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Neuron. 2013 Dec 4;80(5):1218-31. doi: 10.1016/j.neuron.2013.08.036. Epub 2013 Nov 14.

Parvalbumin-expressing interneurons linearly control olfactory bulb output.

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Center for Neural Circuits and Behavior and Department of Neurosciences, University of California, San Diego, La Jolla, CA 92093, USA.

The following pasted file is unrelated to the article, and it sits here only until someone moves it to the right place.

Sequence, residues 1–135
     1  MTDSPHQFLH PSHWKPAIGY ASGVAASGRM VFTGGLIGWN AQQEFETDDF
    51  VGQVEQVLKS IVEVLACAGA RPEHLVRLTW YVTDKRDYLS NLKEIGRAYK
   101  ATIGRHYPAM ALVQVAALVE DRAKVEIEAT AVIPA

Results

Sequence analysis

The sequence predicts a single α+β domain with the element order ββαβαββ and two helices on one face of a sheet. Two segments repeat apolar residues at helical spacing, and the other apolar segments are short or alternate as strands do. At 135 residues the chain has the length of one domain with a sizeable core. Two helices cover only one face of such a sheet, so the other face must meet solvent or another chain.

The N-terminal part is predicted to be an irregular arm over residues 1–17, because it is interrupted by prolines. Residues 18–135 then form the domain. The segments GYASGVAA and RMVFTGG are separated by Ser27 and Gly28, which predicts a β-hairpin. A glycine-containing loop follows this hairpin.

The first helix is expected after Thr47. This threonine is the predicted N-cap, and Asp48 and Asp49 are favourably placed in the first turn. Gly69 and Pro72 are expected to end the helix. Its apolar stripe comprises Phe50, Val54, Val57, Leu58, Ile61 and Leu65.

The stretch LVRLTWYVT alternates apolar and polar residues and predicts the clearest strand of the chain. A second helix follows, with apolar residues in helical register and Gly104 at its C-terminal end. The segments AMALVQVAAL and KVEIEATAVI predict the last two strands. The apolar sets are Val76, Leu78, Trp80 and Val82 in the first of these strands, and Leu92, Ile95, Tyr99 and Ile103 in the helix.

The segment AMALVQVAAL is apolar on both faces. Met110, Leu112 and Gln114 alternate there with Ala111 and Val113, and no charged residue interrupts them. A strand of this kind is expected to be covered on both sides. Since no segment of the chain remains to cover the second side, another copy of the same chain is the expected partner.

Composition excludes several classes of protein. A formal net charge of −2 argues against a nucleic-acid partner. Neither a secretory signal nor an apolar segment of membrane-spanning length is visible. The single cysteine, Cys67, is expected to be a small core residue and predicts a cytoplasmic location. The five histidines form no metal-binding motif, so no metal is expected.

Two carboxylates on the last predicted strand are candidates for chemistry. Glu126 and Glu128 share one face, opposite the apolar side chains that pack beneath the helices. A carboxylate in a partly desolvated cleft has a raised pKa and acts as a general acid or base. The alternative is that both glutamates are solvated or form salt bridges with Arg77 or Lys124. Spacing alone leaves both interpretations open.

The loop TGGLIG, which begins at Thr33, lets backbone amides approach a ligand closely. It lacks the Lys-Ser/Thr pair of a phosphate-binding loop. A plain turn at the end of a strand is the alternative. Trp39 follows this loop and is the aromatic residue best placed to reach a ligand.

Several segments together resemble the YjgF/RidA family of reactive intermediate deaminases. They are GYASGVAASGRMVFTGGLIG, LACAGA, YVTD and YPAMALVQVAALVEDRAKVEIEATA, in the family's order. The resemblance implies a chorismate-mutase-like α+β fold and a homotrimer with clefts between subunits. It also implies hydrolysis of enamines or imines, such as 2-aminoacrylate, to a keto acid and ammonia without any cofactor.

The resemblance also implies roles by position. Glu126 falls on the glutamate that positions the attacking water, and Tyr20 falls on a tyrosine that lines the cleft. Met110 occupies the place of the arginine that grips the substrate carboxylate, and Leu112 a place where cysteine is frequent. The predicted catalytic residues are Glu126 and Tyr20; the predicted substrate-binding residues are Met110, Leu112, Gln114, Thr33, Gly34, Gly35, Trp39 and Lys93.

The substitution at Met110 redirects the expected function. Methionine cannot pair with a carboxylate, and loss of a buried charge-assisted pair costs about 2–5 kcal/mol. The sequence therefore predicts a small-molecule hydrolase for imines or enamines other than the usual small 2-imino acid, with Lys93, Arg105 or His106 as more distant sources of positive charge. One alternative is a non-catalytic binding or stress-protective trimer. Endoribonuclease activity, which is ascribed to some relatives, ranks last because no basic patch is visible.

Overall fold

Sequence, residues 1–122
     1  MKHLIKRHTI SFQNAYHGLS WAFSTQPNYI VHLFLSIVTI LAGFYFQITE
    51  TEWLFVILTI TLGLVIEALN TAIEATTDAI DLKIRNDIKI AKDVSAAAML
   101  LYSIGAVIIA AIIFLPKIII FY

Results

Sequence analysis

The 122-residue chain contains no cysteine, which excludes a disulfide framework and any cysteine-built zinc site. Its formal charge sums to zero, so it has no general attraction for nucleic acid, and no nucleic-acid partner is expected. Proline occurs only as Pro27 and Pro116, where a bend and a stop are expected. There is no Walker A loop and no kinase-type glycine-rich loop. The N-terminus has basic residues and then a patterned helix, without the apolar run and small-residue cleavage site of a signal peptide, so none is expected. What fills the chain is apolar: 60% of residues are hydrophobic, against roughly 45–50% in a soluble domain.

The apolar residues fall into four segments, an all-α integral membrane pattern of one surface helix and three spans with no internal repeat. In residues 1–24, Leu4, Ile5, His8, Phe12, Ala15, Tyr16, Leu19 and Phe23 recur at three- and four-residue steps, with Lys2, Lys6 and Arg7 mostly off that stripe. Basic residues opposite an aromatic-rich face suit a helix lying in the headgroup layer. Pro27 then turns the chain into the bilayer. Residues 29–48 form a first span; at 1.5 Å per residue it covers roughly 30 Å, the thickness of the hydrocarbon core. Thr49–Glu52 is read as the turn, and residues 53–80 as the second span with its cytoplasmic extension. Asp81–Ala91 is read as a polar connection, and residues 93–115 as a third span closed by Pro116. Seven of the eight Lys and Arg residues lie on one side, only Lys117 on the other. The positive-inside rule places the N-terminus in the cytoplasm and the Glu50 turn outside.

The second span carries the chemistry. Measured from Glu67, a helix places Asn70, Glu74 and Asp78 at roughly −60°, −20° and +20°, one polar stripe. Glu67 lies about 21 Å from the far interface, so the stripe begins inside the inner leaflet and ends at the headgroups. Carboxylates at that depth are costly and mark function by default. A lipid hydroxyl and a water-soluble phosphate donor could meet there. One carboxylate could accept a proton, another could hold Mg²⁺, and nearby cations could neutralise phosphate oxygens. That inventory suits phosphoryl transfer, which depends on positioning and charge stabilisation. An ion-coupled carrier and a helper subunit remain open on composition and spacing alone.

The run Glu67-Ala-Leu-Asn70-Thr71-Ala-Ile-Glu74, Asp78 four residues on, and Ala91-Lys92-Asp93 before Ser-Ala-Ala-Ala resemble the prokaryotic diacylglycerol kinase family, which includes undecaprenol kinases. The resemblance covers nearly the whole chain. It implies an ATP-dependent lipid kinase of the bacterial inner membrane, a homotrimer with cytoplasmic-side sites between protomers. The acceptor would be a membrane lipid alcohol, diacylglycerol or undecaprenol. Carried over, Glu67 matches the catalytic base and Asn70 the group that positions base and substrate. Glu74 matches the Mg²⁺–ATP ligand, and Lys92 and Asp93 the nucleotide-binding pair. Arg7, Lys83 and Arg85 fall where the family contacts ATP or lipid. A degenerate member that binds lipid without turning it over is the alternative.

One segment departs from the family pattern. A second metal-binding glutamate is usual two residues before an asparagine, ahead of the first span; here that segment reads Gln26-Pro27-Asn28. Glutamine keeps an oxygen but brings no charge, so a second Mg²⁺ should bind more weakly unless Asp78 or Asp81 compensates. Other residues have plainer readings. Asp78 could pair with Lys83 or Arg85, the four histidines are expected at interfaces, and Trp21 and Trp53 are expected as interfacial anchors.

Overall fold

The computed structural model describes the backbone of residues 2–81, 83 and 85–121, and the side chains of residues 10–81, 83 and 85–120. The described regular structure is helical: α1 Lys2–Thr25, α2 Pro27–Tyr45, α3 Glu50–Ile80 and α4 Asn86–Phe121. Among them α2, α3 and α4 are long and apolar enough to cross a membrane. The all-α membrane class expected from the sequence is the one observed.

In the olfactory bulb, odor representations by principal mitral cells are modulated by local inhibitory circuits. While dendrodendritic synapses between mitral and granule cells are typically thought to be a major source of this modulation, the contributions of other inhibitory neurons remain unclear. Here we demonstrate the functional properties of olfactory bulb parvalbumin-expressing interneurons (PV cells) and identify their important role in odor coding. Using paired recordings, we find that PV cells form reciprocal connections with the majority of nearby mitral cells, in contrast to the sparse connectivity between mitral and granule cells. In vivo calcium imaging in awake mice reveals that PV cells are broadly tuned to odors. Furthermore, selective PV cell inactivation enhances mitral cell responses in a linear fashion while maintaining mitral cell odor preferences. Thus, dense connections between mitral and PV cells underlie an inhibitory circuit poised to modulate the gain of olfactory bulb output.

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